Why do webinars have to be so hideous?
You know how it is. A subject matter catches your eye. You hover over the sign-up button and try to convince yourself that this time it’ll be different. The voice in your head says “sucker” but you hate this voice because no-one likes a cynic. You click… and fall into a cave of clichés.
Perhaps there’s a template for webinars that some business guru sold, but now that prices are falling, everyone’s trying to offload their stock as quickly as possible. This is the template…
First begin by saying one of the following… “I’m soooo excited” “I’m super excited” “I’m beyond excited”. It’s essential to convey excitement at every given opportunity, presumably in the hope that some of this excitement will be catching. It’s not.
Next, fill in a lot of time with introductions. If there are two hosts, spend at least ten minutes on how much you love each other, how the universe brought you together and how clever and fantastic the universe is. This is supposed to convey sincerity. It doesn’t.
Next, avoid getting to the end of any sentence by reading on screen messages, because that’s not annoying. Remember to give endless shout outs “Hey Sharon from Doncaster, thanks for joining… Ah! Louise from Wisconsin loved our last podcast, thanks so much Louise! You have no idea how much this means! We have Puerto Rico in the house Woop! Woop! This is awesome.” Shout outs are a way to make Sharon from Doncaster feel special for one nano second, thus ensuring she’ll be a life-long subscriber . Andy Warhol once said “In the future, everyone will be famous for 15 minutes”. Not even close Andy.
Next, get super excited about the content of an upcoming “offer” at the end of the webinar. The content in this offer is mind blowing, life changing and absolutely essential. Although essential, only sign up “if it calls you”, though I’m unsure of the mechanics of how a piece of digital software makes requests. This is supposed to convey integrity. It just produces confusion. Am I hearing voices? Why not?
Next, make sure your content falls neatly into pillars, pyramids or pie charts because people need geometric shapes to understand words. Bonus points if the words begin with the same letter (see what I did there with the P) If you can’t manage this, then shoehorn the points into an acronym of some kind.
Next, get super excited — again — in case people are starting to think the information is generic or common sense. Ensure the reader that there is no BS but lots of kick ass (this just means generic content with added swear words). Make some bad jokes then laugh… yes, laugh at your own wittiness! It makes you seem zany and someone people will definitely want to hang out with over the next six weeks of the program.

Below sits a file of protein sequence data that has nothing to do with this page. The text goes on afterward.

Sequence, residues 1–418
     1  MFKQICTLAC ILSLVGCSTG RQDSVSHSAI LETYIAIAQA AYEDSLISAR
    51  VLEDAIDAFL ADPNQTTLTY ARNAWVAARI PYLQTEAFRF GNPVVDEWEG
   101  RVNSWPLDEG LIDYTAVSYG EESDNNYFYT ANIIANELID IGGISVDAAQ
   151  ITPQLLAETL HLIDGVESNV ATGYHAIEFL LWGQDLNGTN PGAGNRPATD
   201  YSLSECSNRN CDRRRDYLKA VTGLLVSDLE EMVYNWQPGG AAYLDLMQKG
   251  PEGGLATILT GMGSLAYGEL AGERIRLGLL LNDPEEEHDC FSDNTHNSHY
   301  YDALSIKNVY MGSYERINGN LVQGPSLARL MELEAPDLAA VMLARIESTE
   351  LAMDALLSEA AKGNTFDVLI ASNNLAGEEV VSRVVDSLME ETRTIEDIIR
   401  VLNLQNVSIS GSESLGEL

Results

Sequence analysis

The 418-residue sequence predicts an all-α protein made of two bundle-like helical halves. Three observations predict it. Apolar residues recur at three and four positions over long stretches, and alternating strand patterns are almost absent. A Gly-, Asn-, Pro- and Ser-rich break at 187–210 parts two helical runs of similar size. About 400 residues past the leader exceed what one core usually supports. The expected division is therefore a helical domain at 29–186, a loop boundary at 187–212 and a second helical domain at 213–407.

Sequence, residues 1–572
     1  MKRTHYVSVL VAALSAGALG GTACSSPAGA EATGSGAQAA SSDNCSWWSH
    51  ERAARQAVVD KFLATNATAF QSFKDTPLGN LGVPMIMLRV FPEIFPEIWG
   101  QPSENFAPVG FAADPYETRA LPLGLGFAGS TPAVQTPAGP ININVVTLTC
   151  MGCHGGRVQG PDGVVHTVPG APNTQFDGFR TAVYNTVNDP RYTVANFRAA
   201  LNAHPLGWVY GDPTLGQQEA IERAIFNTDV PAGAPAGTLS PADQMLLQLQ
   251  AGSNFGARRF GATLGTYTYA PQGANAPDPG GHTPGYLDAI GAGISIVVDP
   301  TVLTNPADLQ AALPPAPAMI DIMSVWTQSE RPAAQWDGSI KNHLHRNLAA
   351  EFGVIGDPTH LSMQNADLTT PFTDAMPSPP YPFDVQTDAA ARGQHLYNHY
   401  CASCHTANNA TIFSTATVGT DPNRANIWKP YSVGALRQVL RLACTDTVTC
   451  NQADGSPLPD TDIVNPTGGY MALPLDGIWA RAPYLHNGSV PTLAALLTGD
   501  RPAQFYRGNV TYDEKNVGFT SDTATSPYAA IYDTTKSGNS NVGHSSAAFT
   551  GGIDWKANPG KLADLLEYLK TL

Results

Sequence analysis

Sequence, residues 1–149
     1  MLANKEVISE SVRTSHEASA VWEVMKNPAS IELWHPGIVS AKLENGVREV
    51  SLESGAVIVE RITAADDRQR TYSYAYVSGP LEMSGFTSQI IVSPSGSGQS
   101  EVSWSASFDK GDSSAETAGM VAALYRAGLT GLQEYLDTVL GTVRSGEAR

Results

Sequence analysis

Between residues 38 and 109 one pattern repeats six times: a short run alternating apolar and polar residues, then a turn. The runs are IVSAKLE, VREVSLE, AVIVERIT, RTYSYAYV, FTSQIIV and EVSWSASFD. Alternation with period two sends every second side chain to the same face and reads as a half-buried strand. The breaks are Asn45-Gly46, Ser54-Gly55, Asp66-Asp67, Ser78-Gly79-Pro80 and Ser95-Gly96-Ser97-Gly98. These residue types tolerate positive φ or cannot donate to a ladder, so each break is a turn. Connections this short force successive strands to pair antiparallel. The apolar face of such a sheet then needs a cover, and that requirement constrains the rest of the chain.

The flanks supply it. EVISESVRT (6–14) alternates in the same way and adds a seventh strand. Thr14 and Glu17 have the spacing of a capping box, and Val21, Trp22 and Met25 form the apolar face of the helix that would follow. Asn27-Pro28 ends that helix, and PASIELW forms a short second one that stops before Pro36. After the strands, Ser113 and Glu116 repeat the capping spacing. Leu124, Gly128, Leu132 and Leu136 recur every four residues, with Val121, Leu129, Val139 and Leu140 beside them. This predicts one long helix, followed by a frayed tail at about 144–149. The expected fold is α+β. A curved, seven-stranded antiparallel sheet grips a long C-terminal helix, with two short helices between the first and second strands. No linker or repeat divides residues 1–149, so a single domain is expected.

Finally hit them with the price, but… not so fast. First break down the content into a shopping list of benefits — each with their own arbitrary price tag. For instance, an old interview you did that’s freely available on YouTube, is suddenly valued at $300. I lie… It’s actually $297 because even numbers have been banned from any on-line offer. Search the internet as much as you like, you won’t find an even number anywhere.
Make sure that just one of these items on the list is “worth the ticket price alone” because we’ve never heard that expression before.
By the time you get to the end of the shopping list the total is something like $23,697.75. This is when you hit them with the massive, one off, never to be repeated (until next month) discount, which now brings the total to $797 so it’s “super affordable”.
After that, you’re home and hosed… no wait!! Add an endless bunch of bonuses (I think there’s a website somewhere selling job lots of them). Then do a final edit… go through your copy to look for any word that has anything to do with “selling” and replace this with “serving” because serve is the new sell. Throw in “humble” for good measure.
In 2011 Brendon Burchard wrote a book called The Millionaire Messenger. In it, he told the faithful that there is no-one on the planet who doesn’t have some bit of information to share, and that information can be monetized, so that you can achieve the Holy Grail… making money while you sleep. He urged everyone to “get on it” immediately because the market for information “had two years in it at best”. Not even close Brendon. Remember when someone at IBM said “I think there is a world market for maybe five computers”? This is how badly he underestimated peoples’ desire to talk to the world from a beach front property.
“Making money in your sleep” is not a creative aspiration. Besides, there’s only so much coastline to go around. We are now drowning in information and lacking in action.
It’s time to wake up, smell the coffee, put down the cell phone, and think of a more creative way to do life.
PS. If you still want to produce or consume online content then listen to Sam Harris. If you don’t… then listen to Sam Harris. Basically There’s never not a good time to listen to Sam Harris. He gives you hope that there’s intelligent life on the planet.